While solving a 2D-collision problem, I obtained the following 3 equations: $$0.866\,|\vec v_{Af}|+|\vec v_{Bf}| \cos \theta_{Bf}=6$$ $$0.5\,|\vec v_{Af}|+|\vec v_{Bf}| \sin \theta_{Bf}=0$$ $$|\vec v_{Af}|^2+|\vec v_{Bf}|^2=36$$ Where $$|\vec v_{Af}|=\text{Magnitude of final velocity of object A}$$ $$|\vec v_{Bf}|=\text{Magnitude of final velocity of object B}$$ $$\theta_{Bf}=\text{Angle made by the final velocity of object B with x-axis}$$ The first two equations are obtained by applying the law of conservation of momentum. The third equation is obtained by applying conservation of kinetic energy for elastic collision. Though there are 3 equations to find 3 unknowns, I am not able to solve them. If the masses are equal, I can use the relation ($\theta_{Af}-\theta_{Bf}=90^o$). Because, $\theta_{Af}$ is given in the problem. But I am confused as to how I would proceed when I get problems with two different masses. Please give me a method to solve the three equations without using the relation ($\theta_{Af}-\theta_{Bf}=90^o$)

  • $\begingroup$ Eliminate va or vb with the first 2 eqns then sub into eqn3 and use quadratic solver. $\endgroup$ – PhysicsDave Mar 16 '19 at 16:48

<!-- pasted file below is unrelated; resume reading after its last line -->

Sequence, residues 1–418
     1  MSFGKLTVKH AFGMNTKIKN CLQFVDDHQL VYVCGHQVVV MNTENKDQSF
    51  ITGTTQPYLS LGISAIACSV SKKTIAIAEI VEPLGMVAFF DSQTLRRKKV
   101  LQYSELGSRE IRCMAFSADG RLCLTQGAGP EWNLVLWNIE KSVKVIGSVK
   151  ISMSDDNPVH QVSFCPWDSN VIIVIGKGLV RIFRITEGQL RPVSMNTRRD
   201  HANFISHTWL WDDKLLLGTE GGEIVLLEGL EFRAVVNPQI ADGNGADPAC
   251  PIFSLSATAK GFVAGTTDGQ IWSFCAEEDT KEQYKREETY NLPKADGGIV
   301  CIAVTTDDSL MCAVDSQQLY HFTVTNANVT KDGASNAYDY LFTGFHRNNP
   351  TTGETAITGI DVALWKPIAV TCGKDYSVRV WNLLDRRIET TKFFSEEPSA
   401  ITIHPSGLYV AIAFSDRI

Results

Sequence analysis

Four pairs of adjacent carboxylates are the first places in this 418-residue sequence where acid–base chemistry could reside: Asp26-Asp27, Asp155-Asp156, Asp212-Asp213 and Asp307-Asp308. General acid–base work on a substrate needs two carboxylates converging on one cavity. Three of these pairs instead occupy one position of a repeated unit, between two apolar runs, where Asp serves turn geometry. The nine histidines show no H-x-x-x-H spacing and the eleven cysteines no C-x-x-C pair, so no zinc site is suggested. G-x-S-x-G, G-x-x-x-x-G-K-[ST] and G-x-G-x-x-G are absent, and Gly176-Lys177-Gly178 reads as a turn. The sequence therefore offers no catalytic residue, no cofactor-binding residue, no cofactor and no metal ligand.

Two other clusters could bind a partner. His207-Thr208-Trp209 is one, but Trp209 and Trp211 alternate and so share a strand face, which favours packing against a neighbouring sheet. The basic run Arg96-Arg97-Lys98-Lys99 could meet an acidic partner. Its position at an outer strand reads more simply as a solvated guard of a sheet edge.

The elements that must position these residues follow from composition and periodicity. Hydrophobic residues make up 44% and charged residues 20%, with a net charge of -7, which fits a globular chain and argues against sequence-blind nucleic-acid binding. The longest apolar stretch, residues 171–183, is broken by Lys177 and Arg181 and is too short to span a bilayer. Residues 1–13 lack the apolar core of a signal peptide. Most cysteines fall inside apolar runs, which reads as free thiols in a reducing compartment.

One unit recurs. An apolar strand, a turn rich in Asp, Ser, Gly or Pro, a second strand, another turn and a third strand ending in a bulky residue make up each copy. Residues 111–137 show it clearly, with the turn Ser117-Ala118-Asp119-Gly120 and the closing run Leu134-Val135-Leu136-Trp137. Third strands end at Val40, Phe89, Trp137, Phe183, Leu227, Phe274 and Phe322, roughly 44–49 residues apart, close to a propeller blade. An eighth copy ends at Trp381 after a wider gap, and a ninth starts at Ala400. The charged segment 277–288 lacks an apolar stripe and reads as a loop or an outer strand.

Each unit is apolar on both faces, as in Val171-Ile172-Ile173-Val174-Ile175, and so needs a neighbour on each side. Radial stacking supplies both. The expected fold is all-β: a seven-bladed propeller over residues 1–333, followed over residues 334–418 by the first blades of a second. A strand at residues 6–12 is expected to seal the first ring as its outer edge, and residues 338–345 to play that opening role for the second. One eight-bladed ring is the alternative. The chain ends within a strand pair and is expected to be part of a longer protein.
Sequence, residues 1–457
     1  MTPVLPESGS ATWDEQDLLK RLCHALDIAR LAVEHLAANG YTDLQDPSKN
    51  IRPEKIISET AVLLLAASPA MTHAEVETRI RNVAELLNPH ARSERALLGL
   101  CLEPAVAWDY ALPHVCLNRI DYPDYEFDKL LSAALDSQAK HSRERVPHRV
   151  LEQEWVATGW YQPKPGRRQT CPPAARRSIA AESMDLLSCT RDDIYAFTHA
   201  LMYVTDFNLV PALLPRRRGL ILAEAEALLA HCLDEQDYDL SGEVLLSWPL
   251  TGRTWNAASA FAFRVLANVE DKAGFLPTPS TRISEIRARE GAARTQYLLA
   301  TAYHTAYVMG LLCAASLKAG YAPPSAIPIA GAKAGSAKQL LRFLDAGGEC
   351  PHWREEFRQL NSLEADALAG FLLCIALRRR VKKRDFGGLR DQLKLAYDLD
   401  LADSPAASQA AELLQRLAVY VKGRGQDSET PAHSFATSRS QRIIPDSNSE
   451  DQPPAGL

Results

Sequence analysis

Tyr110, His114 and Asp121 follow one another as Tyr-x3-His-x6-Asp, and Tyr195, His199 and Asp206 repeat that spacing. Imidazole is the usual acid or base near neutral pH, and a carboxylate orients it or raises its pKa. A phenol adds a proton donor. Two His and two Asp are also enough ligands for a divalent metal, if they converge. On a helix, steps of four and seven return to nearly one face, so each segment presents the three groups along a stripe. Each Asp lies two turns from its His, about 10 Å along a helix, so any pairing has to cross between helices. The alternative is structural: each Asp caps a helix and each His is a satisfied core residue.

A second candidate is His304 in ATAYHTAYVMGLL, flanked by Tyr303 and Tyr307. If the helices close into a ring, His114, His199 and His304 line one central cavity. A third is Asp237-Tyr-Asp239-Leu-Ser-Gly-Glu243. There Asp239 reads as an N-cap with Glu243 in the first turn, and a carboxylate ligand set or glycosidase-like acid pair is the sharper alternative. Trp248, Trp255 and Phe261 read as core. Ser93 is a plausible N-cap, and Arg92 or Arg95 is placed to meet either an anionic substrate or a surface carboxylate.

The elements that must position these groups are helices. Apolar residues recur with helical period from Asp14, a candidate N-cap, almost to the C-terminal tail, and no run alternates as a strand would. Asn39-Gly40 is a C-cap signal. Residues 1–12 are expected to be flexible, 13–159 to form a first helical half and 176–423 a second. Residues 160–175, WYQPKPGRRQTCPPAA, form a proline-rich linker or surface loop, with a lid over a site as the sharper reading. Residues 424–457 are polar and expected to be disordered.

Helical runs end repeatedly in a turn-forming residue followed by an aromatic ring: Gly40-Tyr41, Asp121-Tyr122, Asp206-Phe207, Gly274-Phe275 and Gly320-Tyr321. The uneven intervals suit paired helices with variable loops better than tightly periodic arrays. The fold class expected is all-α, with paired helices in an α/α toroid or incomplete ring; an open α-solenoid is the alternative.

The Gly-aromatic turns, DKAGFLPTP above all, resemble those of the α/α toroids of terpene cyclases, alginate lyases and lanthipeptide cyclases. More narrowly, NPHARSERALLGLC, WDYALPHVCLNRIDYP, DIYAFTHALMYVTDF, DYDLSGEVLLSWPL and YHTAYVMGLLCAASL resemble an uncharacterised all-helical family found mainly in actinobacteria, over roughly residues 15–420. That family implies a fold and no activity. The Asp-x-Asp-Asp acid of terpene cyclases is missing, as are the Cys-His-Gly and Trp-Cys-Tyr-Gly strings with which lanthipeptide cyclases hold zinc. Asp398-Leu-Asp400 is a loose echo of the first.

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    $\begingroup$ You should use $\cos ^{2}\left( x\right) +\sin ^{2}\left( x\right) =1$ $\endgroup$ – Eli Mar 16 '19 at 22:26
  • $\begingroup$ The solution of 3 nonlinear equations, 3 unknowns, sounds like a question for Mathematics Stack Exchange. $\endgroup$ – JohnHoltz Mar 17 '19 at 17:16

I could give you the following clue:

From your second equation: $$Ax + By \sin \theta = 0 $$ You know: $$ \sin \theta = -\frac{Ax}{By}$$ This implies: (form a triangle with opposite side and hypotenuse given) $$\cos \theta = \frac{\sqrt{B^2y^2 - A^2x^2}}{By}.$$ You can now use this, along your equation number one, to eliminate $\cos \theta$. Your problem now turns into a 2 equations with two variables. You can now solve this graphically for example.

  • $\begingroup$ This method works $\endgroup$ – Nikhil Kumar Mar 17 '19 at 4:51

equation (1)

$$a_1\,x+y\,\cos(\alpha)=c_1\tag 1$$

equation (2) $$a_2\,x+y\,sin(\alpha)=0\tag 2$$

equation (3)


from equation (1) you get: $$y\,\cos(\alpha)=c_1-a_1\,x$$

from equation (2) you get:




$\Rightarrow\quad x_{1,2}=$ equation (3)

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    $\begingroup$ This method too works. I obtained the same results while using this method $\endgroup$ – Nikhil Kumar Mar 17 '19 at 4:52

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